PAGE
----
More than half of the world’s richest live in Japan, Germany and here in the United States. The annual “Executive Excess” survey from the progressive Institute for Policy Studies last September found that back in the seventies, only a handful of top American executives earned more than thirty times what their workers made. In 2009, “CEO’s of major US corporations averaged 263 times the average compensation of American workers.” And a USA Today analysis earlier this year found that while median CEO pay jumped 27% last year, workers in private industry saw their salaries grow by just 2.1 percent.

So how are many of those corporations addressing this gross inequity? By trying to cover it up.

Last year’s Dodd-Frank financial reform legislation requires publicly traded companies to report the median of annual total compensation for workers, the total compensation of the CEO, and the ratio between the two. Big business has lobbied loudly against the reporting requirement, and on Wednesday, the House Financial Services Committee voted 33-21 to repeal it.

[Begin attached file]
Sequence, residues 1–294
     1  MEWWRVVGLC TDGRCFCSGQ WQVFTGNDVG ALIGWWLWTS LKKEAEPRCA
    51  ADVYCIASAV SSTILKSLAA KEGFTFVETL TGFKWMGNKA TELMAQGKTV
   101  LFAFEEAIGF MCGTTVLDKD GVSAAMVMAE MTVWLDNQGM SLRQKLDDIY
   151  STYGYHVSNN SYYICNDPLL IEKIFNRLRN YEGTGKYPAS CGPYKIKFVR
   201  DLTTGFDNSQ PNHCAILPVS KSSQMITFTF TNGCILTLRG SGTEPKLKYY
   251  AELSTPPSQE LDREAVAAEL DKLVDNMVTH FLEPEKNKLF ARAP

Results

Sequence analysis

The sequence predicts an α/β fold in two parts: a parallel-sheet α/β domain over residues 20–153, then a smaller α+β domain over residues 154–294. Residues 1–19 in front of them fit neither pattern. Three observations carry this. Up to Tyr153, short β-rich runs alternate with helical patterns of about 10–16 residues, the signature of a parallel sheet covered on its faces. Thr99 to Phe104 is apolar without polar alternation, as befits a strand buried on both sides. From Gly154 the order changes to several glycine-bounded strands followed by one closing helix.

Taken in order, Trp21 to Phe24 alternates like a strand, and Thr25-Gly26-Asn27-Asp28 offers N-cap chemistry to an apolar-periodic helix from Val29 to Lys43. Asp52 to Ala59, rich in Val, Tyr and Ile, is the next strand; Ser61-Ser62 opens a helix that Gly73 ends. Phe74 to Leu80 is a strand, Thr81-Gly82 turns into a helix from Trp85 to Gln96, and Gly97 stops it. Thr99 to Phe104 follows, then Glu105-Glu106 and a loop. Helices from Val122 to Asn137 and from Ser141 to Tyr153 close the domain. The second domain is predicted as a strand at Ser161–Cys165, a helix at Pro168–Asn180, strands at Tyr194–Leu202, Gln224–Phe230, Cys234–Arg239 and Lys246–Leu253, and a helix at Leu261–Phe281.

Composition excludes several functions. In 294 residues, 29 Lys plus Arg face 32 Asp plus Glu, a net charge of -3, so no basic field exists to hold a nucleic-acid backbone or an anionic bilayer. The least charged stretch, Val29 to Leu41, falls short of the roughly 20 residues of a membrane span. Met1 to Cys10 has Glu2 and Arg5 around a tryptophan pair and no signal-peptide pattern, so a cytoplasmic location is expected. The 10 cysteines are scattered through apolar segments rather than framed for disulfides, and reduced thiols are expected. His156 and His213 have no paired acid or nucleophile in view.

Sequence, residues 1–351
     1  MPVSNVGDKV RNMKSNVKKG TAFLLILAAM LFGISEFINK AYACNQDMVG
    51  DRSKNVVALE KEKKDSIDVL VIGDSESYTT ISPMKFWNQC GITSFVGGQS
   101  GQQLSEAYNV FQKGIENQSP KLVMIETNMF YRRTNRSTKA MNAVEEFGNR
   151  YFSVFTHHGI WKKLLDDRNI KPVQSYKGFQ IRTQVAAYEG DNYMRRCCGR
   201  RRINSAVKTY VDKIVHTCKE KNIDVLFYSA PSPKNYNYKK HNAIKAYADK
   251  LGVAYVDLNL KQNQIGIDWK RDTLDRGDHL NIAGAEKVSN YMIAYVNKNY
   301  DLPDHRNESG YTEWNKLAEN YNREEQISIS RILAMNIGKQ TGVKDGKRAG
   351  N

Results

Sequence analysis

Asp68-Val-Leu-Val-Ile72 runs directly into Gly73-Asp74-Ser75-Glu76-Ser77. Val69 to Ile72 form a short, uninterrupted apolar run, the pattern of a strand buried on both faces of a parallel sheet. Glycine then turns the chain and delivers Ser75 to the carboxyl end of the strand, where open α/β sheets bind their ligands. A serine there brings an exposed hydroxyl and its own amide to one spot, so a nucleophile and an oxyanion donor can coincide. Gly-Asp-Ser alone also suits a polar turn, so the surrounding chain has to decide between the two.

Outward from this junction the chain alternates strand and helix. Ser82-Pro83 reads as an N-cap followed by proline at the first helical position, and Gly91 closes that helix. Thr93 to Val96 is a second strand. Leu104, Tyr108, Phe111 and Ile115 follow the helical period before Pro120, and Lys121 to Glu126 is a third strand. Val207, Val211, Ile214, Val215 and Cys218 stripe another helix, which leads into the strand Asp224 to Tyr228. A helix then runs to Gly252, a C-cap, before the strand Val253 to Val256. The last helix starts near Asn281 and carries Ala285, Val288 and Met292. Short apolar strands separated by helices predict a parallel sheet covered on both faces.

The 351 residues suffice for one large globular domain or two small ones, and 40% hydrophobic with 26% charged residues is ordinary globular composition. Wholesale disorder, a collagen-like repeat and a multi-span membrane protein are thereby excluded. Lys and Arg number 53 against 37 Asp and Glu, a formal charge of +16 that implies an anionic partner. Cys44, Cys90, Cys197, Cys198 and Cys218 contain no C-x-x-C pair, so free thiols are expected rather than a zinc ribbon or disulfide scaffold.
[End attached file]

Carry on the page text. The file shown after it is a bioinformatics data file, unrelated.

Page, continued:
The bill to repeal is sponsored by rookie Congresswoman Nan Hayworth (R-NY), whose official biography cites “reducing regulatory burdens on businesses” as one of her top priorities. Among her leading 2010 campaign contributors: leveraged buyout specialists Vestar Capital Partners, distressed debt investors Elliott Management and financial services giant Credit Suisse. Not to mention the anti-taxation Club for Growth.

Ernest Hemingway claimed that when F. Scott Fitzgerald once said to him, “The rich are different from you and me,” he archly replied, “Yes, they have more money.” Whether it’s true or not, the Hemingway in the story got it wrong. The rich not only have more money, they have more power, more clout — and more to hide.